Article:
Our home Ed group ran an activity day all about time.

They made fruit clocks,

played time bingo,

made paper plate clocks,

learnt about time zones,

discussed lunar calendars 

and made an Egyptian water clock - with an interesting discussion around how the Greeks adapted the water clock for the different length of days they had with different sized holes, (bigger for the winter when they was less sunlight and smaller holes for the summer when the daylight was longer - you can find a great description over here)

they even got to make a couple of lids for each clock with different sized holes

Friday, 10 October 2014

Chore Chart

We have nicely settled back into our school routine but I felt the housework was suffering a little. After begging hubby for a cleaner to no avail, we decided that the girls should do more housework than they were doing.

I spent a good few weeks trying to find a chore chart that I could modify for 4 kids and rotate their chores - I eventually settled for this.

I painted a board white then stencilled on a quote with a black sharpie pen ('Nothing will work unless you do' Maya Angelou). I added four hooks with a name above for each child and stapled a string to the back for hanging.

Whilst searching for my perfect chart, I stumbled on some great, free icons from Today's Mama. I cut the black icons out and laminated them in sets of three. (I had to use a bit of creativity here - for example the toothbrush doesn't mean clean teeth but tidy the bathrooms and the mirror means dusting.)

Now each child has a set of three chores each day (on top of making their beds and tidying their room). We've been using this system for two weeks now (Mon through Fri) and I've got to say I'm loving it, in less than 30 mins a day the house is tidy. While the girls do their chores I can focus on the hard and unpleasant tasks like cleaning the toilets : (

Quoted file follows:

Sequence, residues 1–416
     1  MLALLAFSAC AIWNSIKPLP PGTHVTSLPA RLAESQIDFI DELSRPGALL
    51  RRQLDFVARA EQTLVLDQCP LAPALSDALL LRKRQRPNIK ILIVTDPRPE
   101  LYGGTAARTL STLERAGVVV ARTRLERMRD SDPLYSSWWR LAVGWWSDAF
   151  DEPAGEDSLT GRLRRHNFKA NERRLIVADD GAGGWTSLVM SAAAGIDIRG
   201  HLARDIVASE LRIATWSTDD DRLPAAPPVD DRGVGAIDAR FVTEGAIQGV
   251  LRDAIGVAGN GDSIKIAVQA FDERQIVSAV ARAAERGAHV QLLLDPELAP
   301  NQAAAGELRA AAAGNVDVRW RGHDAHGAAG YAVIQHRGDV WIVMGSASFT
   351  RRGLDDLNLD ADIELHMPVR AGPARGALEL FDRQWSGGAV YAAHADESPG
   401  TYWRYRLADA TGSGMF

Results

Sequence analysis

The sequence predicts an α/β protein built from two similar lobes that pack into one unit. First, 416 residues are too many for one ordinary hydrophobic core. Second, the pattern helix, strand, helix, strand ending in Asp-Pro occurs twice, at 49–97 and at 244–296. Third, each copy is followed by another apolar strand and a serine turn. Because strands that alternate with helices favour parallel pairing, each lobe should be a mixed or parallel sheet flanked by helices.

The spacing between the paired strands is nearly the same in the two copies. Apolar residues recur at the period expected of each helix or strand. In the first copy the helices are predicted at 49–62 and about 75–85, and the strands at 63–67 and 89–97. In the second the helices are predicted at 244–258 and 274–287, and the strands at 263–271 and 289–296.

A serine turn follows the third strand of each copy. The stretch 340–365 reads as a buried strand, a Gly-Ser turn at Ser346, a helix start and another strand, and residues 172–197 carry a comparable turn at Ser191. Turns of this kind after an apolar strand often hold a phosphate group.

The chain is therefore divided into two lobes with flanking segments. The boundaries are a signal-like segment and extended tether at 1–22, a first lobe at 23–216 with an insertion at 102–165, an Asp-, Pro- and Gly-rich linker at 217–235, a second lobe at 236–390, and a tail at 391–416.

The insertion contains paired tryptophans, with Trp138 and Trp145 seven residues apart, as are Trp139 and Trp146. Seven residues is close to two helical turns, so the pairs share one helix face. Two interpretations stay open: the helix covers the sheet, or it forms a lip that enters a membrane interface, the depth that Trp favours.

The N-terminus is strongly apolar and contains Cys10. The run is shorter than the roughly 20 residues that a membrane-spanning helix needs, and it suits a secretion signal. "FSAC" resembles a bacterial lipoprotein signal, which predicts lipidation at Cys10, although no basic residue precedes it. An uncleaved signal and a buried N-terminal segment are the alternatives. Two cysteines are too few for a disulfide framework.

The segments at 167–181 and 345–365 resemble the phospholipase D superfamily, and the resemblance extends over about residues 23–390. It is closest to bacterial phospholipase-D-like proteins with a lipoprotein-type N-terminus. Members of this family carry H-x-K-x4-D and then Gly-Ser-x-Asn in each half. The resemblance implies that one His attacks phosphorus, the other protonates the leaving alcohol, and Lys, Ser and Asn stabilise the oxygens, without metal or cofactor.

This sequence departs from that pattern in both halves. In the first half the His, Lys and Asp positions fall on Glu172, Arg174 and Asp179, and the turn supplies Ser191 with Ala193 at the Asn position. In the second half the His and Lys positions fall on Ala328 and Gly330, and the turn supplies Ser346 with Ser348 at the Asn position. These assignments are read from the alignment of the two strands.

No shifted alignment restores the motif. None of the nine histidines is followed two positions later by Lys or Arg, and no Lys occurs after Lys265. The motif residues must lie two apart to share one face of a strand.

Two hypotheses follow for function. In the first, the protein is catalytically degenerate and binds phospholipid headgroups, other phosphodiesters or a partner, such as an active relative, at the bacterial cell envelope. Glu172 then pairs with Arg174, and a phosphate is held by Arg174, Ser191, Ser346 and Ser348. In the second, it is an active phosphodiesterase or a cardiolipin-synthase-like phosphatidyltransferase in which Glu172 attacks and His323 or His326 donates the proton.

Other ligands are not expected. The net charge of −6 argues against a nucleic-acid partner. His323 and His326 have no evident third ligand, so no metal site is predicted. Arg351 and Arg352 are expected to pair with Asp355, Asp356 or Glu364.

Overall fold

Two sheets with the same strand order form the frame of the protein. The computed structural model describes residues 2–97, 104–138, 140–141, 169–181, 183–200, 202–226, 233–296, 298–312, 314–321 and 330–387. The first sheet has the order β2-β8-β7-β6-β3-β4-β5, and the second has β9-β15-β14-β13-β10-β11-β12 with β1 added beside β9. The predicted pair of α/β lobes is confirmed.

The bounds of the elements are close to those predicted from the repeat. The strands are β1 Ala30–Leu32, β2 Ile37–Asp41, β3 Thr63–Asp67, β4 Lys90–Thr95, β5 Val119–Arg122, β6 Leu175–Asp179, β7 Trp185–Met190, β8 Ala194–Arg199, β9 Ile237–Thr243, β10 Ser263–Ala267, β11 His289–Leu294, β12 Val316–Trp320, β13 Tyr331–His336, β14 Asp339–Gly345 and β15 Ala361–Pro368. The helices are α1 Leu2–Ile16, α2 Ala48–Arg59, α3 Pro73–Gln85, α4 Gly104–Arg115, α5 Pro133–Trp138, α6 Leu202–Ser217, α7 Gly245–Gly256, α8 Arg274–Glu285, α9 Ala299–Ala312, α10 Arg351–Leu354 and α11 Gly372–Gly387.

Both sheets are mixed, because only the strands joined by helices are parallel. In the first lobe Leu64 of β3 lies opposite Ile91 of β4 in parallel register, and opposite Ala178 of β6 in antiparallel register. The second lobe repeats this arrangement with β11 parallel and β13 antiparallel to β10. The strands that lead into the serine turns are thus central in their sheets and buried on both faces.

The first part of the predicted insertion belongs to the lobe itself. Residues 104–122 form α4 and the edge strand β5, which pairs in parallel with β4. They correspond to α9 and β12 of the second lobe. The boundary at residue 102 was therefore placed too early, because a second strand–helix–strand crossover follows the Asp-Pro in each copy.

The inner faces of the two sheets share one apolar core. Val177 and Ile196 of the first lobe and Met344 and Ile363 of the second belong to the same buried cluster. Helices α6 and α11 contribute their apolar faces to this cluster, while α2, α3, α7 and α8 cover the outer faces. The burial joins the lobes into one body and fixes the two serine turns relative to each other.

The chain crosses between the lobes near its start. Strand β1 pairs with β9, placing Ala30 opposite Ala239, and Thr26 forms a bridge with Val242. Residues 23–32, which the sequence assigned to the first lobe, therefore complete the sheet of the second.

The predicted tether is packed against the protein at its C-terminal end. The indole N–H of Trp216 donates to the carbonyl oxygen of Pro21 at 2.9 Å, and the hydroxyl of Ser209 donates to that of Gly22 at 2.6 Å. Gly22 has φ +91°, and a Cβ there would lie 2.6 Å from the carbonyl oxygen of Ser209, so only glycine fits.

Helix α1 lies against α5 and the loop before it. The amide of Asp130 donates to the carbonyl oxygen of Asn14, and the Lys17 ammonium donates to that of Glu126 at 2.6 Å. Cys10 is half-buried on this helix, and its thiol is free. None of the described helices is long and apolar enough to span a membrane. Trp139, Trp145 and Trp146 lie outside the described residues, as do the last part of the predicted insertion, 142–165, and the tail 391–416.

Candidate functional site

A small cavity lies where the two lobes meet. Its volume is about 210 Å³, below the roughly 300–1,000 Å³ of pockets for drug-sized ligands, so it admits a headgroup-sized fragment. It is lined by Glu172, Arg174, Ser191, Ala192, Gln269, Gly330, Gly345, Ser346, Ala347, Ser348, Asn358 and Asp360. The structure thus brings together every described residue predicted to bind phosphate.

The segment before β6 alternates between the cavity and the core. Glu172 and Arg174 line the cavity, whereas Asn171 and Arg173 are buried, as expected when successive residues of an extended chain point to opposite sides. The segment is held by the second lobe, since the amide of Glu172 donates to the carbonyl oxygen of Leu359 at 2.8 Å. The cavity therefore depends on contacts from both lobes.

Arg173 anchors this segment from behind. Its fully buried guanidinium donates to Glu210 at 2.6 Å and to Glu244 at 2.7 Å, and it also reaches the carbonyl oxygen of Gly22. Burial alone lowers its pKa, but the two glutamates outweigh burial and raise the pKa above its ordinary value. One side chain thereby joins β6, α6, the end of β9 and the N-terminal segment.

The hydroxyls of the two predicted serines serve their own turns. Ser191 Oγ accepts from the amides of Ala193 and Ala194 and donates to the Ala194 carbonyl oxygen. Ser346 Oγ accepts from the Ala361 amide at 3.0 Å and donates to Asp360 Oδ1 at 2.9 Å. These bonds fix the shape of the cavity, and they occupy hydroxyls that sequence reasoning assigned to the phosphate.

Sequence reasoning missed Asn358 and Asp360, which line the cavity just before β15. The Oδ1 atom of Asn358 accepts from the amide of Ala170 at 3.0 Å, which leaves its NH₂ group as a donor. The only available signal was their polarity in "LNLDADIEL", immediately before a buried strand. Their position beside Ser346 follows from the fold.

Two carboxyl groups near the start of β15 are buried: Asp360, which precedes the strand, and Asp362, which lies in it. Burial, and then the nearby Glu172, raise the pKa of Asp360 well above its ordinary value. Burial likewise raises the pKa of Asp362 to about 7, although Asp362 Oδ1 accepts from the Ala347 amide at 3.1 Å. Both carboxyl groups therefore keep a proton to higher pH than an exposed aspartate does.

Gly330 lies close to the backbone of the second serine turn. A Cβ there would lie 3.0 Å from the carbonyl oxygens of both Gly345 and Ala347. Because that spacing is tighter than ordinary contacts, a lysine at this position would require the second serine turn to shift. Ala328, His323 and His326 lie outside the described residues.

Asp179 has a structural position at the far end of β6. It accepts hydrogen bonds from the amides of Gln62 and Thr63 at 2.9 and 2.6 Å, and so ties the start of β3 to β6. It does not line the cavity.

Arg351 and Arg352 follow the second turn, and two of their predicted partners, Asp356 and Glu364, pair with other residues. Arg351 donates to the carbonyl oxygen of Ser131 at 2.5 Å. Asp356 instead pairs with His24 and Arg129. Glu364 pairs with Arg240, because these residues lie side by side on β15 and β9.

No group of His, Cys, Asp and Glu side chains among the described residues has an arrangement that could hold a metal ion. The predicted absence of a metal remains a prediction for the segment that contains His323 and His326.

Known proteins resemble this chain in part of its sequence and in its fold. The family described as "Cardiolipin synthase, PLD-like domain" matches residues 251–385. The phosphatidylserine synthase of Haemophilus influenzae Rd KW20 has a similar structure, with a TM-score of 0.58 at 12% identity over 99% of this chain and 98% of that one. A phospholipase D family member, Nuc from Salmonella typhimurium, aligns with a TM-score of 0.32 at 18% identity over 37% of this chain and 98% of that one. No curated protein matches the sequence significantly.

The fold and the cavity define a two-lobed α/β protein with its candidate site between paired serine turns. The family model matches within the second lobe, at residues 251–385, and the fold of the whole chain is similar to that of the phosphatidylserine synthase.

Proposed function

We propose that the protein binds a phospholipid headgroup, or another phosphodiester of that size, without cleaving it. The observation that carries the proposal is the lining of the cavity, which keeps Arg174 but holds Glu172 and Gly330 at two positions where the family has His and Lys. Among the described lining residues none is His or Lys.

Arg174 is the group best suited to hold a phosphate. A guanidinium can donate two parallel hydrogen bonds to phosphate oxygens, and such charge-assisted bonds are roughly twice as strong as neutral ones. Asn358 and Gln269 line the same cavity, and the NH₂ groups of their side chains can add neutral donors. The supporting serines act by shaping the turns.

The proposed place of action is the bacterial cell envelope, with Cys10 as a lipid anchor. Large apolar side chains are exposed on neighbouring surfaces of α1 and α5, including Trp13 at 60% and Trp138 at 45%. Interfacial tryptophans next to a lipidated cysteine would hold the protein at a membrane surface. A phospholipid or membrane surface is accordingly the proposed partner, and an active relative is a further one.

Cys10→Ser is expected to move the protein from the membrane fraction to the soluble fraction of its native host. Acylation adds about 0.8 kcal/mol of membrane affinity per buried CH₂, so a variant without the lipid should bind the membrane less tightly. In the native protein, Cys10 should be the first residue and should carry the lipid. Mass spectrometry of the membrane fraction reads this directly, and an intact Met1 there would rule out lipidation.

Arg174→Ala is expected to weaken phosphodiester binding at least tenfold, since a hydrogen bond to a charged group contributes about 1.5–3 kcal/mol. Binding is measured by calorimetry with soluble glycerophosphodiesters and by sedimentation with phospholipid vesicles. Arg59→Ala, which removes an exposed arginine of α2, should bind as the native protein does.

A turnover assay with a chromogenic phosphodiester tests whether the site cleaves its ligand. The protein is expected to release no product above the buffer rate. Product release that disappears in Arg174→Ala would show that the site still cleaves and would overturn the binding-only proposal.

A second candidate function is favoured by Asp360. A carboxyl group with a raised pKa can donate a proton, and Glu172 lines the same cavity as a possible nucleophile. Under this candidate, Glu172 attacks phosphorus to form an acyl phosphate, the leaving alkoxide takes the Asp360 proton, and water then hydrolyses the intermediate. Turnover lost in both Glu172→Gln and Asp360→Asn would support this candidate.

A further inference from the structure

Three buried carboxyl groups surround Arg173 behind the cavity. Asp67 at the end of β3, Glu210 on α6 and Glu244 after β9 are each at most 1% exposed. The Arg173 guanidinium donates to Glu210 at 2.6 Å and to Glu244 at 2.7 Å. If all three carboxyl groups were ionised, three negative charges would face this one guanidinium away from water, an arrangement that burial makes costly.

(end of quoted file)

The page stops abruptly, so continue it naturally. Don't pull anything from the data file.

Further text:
Wednesday, 8 October 2014

Week 3 - cheesy speech marks, quill pens and ink

The girls worked more on punctuation, covering commas and speech marks (using cheesy wotsits)


Revisited the water, nitrogen and carbon cycles - my fave is the lift the flap water cycle.

We rounded up our history unit on King John and the Magna Carta by making a quill pen.

It's very simple to do - remove the lower feathers,

work out how you want to hold the quill and mark off the point then cut at a 45 degree angle 

and finally remove the membrane from inside.

We also made some ink to go along with this 

using a cup full of berries (blackberries, raspberries, cranberries etc) squished through a sieve

then added salt and white vinegar to preserve it.

They kept at it all afternoon : )